Make it pretty! A phrase I’m told a lot as a UX designer. When we hear “design”, most of us think “beautiful.” How many times have you heard or said: “This chair is so design!”, or “The hotel we stayed in was very design”?
I’m sorry to have to remind you that “design” is not an adjective; it is a noun. Even better, a verb. By definition, to design is “to decide upon the look and functioning of (a building, garment, or other object), typically by making a detailed drawing of it”. Here it is: form plus function. To design is to create a form that serves a function.
But what is UX design exactly?
UX design, a trendy name for user experience design, is a person’s perception and responses that result from the use or anticipated use of a product, system or service. You got it: UX design doesn’t stop with your screen.
Let’s take an example: you need (want?) a new smartphone. You go to the shop and immediately enjoy the way the latest smartphones are displayed and that you can try and play with them. This is part of the user experience.
A smiling shop assistant welcomes you warmly. This is experience design. He asks you a few questions about your needs and habits. You feel listened to, and start to feel this emotional connection with the shop assistant. This is experience design.
He shows you two models he thinks would suit you very well. You feel like he understood precisely what you were looking for, even when you didn’t have a precise idea yourself when you came into the shop! This is experience design.
Finally, when you go home and open the box, you appreciate how beautifully your new phone is presented and you remember the nice experience you had buying it. This is experience design.
Don Norman, a cognitive scientist, is credited with inventing the term in the late 1990s, declaring that user experience encompasses all aspects of the end-user's interaction with the company, its services, and its products.
It’s not much different in the digital world. The product could be a website, a software, an app, etc. It has a form - its layout, colours, fonts. And a function - inform, buy, help you write your presentation, stay connected with your peers, etc.
Think about your favourite news website or app. How easy and enjoyable is it to find and read the specific information you’re after? Think about the ecommerce website of a brand of clothes you like: how easy is it to navigate through the site? To browse a category of clothes? To judge whether a product is good or not? To choose the right size? How easy is it to finalise your purchase? Is it enjoyable? Are you looking for a big “BUY NOW” button but you can’t find it? How frustrating…
All these steps you’ve been through have been decided by the user experience designer. The elements that are on each page, and the way they link to actions - all this is the job of the UX designer. So, you can tell he or she has done a good job if you have both achieved your goal and enjoyed doing it.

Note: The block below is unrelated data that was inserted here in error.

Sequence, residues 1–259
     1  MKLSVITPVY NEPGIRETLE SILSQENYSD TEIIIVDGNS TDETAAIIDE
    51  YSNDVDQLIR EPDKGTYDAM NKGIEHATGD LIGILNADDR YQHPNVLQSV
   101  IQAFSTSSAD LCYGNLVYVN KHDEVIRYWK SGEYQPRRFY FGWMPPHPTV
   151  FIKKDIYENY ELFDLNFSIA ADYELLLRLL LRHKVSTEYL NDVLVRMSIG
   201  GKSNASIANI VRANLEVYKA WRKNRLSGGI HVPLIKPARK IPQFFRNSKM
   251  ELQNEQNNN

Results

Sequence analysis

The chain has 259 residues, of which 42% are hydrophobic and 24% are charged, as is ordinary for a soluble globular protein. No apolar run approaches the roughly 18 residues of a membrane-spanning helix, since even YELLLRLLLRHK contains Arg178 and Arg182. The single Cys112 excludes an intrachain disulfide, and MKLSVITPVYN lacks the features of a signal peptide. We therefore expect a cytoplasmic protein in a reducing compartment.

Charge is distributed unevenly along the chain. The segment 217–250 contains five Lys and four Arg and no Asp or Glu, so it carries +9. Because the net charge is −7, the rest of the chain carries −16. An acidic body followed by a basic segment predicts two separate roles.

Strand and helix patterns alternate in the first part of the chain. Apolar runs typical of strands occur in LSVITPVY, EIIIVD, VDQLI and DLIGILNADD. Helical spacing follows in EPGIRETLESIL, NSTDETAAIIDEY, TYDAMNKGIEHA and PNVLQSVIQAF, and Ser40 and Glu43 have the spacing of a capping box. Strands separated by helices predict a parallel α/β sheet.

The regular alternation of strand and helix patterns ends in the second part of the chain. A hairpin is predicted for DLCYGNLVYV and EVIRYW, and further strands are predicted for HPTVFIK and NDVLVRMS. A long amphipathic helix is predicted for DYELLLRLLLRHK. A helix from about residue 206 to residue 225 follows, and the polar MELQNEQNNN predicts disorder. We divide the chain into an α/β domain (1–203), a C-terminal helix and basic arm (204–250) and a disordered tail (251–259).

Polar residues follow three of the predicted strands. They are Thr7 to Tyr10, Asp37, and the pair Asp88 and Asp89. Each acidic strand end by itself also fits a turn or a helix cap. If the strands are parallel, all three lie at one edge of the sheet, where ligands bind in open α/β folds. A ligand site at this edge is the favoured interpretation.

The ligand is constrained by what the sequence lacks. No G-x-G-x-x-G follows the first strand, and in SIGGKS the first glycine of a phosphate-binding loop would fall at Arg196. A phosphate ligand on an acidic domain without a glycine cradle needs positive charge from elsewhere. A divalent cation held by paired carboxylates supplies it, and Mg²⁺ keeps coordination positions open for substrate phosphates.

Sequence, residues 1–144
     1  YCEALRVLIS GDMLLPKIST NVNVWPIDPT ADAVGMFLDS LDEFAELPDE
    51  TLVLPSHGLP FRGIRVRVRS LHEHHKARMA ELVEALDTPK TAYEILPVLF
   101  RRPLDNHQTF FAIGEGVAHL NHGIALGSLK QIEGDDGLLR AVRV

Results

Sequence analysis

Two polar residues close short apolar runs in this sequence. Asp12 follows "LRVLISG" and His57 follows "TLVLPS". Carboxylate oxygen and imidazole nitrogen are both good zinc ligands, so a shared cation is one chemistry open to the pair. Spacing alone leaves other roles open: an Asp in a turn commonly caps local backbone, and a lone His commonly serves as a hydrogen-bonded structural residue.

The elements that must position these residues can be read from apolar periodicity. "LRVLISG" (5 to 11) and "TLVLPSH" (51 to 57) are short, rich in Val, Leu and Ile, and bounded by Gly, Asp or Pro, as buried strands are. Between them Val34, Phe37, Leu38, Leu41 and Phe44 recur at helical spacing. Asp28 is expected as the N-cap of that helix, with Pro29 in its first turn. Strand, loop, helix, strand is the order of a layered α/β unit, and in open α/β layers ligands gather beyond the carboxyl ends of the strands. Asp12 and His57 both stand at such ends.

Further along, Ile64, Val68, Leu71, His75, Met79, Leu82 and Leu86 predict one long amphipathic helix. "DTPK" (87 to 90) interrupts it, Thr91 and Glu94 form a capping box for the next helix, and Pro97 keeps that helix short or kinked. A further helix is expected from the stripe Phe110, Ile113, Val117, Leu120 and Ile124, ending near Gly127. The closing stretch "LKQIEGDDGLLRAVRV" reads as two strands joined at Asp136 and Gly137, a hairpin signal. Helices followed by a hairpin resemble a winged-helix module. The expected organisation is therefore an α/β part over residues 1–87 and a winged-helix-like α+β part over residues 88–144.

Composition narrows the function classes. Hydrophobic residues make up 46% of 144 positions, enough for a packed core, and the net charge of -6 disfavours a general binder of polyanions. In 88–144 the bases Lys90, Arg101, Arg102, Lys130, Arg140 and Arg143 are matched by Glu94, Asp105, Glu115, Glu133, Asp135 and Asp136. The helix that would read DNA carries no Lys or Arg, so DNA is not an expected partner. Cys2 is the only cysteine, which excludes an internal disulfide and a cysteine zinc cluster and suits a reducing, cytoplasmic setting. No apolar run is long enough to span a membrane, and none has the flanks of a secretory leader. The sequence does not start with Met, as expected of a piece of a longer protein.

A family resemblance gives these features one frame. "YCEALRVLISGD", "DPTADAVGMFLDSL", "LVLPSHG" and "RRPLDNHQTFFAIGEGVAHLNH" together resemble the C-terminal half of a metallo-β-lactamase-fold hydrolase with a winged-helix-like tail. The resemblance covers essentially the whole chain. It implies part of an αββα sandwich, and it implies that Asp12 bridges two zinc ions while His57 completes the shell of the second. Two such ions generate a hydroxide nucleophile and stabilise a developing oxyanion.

UX, UI. What’s the difference?
UX, UI. It’s all the same. Well, not exactly. While UX design focuses on the flows of the experience of the product and how the user feels when using it, UI focuses strictly on the visual part. Choosing colours, fonts, sizes and styles of buttons, and so on, is when user interface design starts. The user interface designer needs to follow the company’s graphic or brand guidelines, which is a style guide that describes the brand identity.
We can say the UI design focuses on the ‘form’ part of the ‘form + function’ couple. Yes, this is the “pretty” part.
How do you know what works or not?
Excellent question! UX design is completely user-centred. This is why UX designers conduct usability testing. Usability testing is carried out with potential users to verify whether a product is easy to use, learn and adapt to and whether or not it’s efficient. Want to design a chess app and you’re asking feedback from your grandmother who has never used a smartphone and doesn’t understand the rules of chess? You probably won’t get valuable feedback. You need to understand the importance of knowing your users first. It starts with knowing who your target users are and what they need.
User-centred design requires analysis that is applied to human behaviour. UX designers need to be able to answer 5 questions: what, when, where, why and who would use the product. The designer needs to think of how the product would be used, who would be using it, and why. The designer needs to understand the context in which the product is to be employed. Then, usability testing will gather precious feedback about the product: how does it look? Does it work? How does it make the user feel?
As a user, even if you need to be taught how to use it the first time, if the product is designed well, you will never need to re-learn how to use it again.
In short, a good UX happens when a product or service make the user’s life easier and more enjoyable.
Especially in SaaS, a good user experience design helps to increase efficiency and productivity. So next time you use a piece of software, website, or object, ask yourself this: “Did it made my life easier?” “Was the experience enjoyable?” If you replied “yes” to both, congratulations, you got a well-designed product!
Nathalie Speter is a UX Designer at EROAD. Her typical daily tasks involve developing and analysing customer/user profiles, designing the information flow, the interaction model and the user interface. She then produces prototypes for team walkthroughs and user testing with customers to validate her design.